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In Sports

Lori Nickel got harrassed in the Bears' locker room.

In Sports

Jen Lada once got asked to go skinny-dipping during a job interview.

In Sports

Bobbi Roquemore discovered a passion for sportswriting in elementary school.

In Sports

Bucks guard Michael Redd calls Kyndra "60 minutes."

In Sports

Jessie Garcia once changed a diaper in the Lambeau Field tunnel.

In Sports

How did Stephanie Sutton get Raiders coach Jon Gruden hopping mad?

Behind the scenes with Milwaukee's female sports media, part two

When we embarked on interviewing the six female sports reporters stationed here in Milwaukee, we knew the stories they would share about their careers would be the most intriguing.

Lori Nickel and Bobbi Roquemore from the newspaper, Jessie Garcia, Stephanie Sutton and Jen Lada from television, and Kyndra de St. Aubin from radio all have experienced bumps in the road during their career paths. But, they also compile unique tales that only women in the world of sports can experience.

Time for show and tell. All six were eager to recall moments that made them smile, shake their heads or take a deep breath. We begin with that welcome to the world of sports reporting / broadcasting moment that made them realize -- I have arrived.

Garcia: "Probably my first assignment as an intern at WISC (Madison). I had to drive to Wausau for the state baseball tournament. The game got over late and I was hauling you-know-what back to Madison. I walked in the door at about 10:10 and was told I had to write and edit the highlights by 10:20. My heart was beating out of my chest but somehow it got on the air. I knew then the deadline pressure that comes with live TV and with sports specifically."

Sutton: "I actually upset (Raiders coach) Jon Gruden in Oakland. I got a lead from a producer saying 'We've heard he signed to go to Notre Dame.' I ask the tough question, and he didn't blow up in front of me, but as soon as they shut the door, I guess he went nuts ... he went ballistic! I remember going to the car with the photog, and the PR guy running after me asking "What was that all about?" They did not expect that from me. Leading up to that, all day, I knew I had to ask the question and I was nervous. But I was like, well, I gotta do it, and I did it, and I pissed him off."

Roquemore: "At Marquette, I was the sports editor of the Marquette Tribune, the college paper. So a gentleman calls up and asks to speak to the sports editor, and he was transferred to me. He asks again to speak to the sports editor. I tell him I AM the sports editor. He refused to talk to me, insisting to speak to the former sports editor about whatever he had to say."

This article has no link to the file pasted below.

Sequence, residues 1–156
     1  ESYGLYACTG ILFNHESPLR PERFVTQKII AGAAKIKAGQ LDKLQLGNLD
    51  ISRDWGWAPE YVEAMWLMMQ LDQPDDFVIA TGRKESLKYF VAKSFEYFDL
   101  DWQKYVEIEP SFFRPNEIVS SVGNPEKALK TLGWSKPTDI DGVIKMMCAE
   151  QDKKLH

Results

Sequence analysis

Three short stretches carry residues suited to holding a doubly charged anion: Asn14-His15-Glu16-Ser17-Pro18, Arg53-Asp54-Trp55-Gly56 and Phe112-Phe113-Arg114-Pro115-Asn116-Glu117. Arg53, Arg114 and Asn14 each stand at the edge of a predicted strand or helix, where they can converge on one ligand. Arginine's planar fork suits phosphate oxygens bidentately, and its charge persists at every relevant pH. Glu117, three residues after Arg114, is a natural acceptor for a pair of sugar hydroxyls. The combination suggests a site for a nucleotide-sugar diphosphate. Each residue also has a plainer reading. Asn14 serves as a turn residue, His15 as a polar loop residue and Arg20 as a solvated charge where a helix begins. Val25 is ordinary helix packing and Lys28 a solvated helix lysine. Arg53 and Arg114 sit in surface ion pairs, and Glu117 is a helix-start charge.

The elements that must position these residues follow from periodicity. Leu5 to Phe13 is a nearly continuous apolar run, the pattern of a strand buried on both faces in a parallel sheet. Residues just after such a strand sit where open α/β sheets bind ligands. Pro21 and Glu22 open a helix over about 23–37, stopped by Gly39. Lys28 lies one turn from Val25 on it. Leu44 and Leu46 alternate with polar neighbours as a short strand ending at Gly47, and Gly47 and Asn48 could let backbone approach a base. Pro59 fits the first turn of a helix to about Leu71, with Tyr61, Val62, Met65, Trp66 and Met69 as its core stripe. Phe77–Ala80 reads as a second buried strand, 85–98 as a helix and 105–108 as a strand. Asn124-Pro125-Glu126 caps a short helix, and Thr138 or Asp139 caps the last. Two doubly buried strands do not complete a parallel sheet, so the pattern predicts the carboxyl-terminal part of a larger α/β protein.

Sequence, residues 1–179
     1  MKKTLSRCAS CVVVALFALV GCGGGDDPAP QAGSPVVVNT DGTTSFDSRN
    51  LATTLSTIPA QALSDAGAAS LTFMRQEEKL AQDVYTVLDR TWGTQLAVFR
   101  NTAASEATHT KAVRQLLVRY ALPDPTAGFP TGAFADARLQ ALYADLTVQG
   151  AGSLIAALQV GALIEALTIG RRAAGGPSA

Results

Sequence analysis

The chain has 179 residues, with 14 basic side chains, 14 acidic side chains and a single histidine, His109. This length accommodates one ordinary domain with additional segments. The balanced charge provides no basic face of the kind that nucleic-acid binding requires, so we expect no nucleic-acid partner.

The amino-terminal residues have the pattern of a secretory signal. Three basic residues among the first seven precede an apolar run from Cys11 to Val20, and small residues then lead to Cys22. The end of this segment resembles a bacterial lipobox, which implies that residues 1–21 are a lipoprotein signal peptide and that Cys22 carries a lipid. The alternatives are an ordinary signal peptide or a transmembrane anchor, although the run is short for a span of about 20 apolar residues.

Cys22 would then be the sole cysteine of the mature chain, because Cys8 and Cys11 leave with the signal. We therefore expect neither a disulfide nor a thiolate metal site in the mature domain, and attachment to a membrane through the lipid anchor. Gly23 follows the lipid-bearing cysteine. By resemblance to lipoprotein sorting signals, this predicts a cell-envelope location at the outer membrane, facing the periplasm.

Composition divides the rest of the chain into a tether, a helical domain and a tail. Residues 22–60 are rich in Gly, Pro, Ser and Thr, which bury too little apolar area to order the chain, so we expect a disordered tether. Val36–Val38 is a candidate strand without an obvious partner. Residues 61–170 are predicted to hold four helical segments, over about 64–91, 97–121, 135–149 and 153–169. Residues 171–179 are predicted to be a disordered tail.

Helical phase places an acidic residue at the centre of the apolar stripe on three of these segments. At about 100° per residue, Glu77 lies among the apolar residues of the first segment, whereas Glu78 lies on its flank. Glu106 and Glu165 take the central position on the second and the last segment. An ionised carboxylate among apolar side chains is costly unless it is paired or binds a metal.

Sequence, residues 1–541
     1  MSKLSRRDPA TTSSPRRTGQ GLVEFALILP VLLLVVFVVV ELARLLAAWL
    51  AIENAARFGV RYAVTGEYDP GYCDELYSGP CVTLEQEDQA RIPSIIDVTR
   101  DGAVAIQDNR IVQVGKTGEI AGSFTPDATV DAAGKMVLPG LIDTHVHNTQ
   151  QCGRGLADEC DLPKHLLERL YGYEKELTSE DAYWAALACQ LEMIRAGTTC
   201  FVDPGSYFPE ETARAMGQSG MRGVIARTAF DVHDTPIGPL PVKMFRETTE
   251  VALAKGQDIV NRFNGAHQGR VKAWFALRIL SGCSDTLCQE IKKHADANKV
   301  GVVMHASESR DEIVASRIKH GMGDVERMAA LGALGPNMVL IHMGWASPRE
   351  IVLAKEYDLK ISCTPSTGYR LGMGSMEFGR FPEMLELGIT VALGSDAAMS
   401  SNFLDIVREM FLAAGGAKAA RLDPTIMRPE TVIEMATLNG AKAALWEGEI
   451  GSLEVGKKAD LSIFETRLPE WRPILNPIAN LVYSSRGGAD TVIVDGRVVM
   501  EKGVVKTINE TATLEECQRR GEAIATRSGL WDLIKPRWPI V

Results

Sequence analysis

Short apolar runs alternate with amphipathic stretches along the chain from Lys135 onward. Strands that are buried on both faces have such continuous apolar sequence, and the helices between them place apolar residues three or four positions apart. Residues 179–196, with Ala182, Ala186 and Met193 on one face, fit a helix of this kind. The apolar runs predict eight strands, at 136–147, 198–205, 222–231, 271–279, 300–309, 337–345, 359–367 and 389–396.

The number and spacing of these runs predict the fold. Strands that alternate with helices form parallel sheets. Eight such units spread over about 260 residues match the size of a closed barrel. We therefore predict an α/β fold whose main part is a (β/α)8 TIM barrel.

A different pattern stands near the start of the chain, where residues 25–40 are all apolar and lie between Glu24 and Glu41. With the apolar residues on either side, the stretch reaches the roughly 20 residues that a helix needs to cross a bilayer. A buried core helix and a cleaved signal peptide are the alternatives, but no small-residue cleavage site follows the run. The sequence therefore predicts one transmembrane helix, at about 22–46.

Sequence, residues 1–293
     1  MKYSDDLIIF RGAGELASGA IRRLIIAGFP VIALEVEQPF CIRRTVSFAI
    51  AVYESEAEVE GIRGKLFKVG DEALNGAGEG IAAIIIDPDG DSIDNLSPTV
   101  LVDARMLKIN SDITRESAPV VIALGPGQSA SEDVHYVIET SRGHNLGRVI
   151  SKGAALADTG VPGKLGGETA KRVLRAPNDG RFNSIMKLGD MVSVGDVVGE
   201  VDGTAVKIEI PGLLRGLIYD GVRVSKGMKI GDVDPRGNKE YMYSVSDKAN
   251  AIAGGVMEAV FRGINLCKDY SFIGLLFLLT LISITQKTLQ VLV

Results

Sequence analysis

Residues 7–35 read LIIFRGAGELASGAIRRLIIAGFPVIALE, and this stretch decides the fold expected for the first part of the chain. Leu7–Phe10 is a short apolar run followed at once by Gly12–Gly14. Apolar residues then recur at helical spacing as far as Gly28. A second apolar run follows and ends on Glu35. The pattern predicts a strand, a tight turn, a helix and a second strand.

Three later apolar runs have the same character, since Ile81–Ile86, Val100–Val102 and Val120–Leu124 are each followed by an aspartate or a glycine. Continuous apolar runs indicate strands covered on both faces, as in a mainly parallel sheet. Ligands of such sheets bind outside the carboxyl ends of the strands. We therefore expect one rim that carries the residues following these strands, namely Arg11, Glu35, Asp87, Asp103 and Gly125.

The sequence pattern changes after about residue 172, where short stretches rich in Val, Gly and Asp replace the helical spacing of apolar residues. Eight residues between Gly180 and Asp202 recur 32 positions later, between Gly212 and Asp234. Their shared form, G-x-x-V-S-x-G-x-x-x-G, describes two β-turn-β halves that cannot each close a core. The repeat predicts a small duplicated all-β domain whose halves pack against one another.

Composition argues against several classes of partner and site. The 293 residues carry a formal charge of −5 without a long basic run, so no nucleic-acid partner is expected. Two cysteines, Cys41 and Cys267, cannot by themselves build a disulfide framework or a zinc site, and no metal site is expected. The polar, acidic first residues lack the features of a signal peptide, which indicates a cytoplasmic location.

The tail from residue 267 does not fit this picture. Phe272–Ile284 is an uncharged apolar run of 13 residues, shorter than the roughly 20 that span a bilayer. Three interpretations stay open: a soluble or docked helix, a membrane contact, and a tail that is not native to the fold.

de St. Aubin: "I was in a Bucks press conference and general manager Larry Harris called me out in front of everybody for "listening to music" with my headset during the press conference. I was not "listening to music," I was listening to the press conference to make sure the audio I was recording sounded OK. Since then, he always asks me if I have any questions for him, rather than the other way around."

Mistakes are not singular to the female portion of sports reporters and broadcasters. An error is charged in baseball, a foul in basketball, and a penalty in football. Yes, even the athletes they cover mess up. That's why it's refreshing for these six women to laugh it off and turn the other cheek.

Sutton: "I worked in Jackson, Mississippi where we have the Astros' Double-A team. I went to the Bay Area, and one of my first gigs was covering the Oakland A's and I remember going into where (manager) Art Howe was, and I said "Hey coach!" He didn't say anything. Later, someone taps me on the shoulder and says "It's manager." I was like, 'Oh, I had no idea, because in AA, you say coach all the time.'"

de St. Aubin: "I once asked Michael Redd why they can't play a full 60 minutes because they were falling apart in the fourth quarter every game. Basketball (in the NBA) is only 48 minutes. It was right in the middle of Packers' season and I got my numbers mixed up. He looked at me like I was crazy, but answered the question. He has given me the nickname "60 Minutes" and calls me that most times I see him."

The working moms could each write a book about their personal experiences trying to beat a deadline while juggling childcare duties. Whether it's with child or surrounded by them, these women somehow make a sport out of raising children while on the job.

Nickel: "I'm covering the first-ever opening day at Miller Park and I am eight-plus months pregnant. Because I have seen too many TV shows where some woman's water breaks at the mall, in the cab, wherever, I had gotten into the habit of carrying extra clothes with me on assignment. So security was extremely tight that day because President Bush was throwing out the first pitch. I go through security and FBI people rifle through my work bag, past the usual media guides, tape recorders, laptop computer and the like. I'm dying, thinking, 'Don't go in that closed part of the bag.' Of course, the security guy does. The guy stops and pauses when he pulls out my huge pair of sweatpants and maternity underwear, looks at me, looks down again, at me again, and we're both so embarrassed we didn't say anything. The buzz from the long line of reporters behind me stopped, too. Too many single guys, apparently, never knew they made maternity underwear."
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OMCreader | Oct. 19, 2006 at 1:43 p.m. (report)

Jon D. said: Not only is Lori Nickel's husband lucky enough to say those words, he probably can write off the Sunday Ticket as a business expense on his taxes!

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